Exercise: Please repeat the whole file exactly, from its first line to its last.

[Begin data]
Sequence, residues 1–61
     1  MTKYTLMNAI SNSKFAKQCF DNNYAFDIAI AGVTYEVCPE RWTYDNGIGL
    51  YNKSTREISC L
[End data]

Sequence, residues 1–61
     1  MTKYTLMNAI SNSKFAKQCF DNNYAFDIAI AGVTYEVCPE RWTYDNGIGL
    51  YNKSTREISC L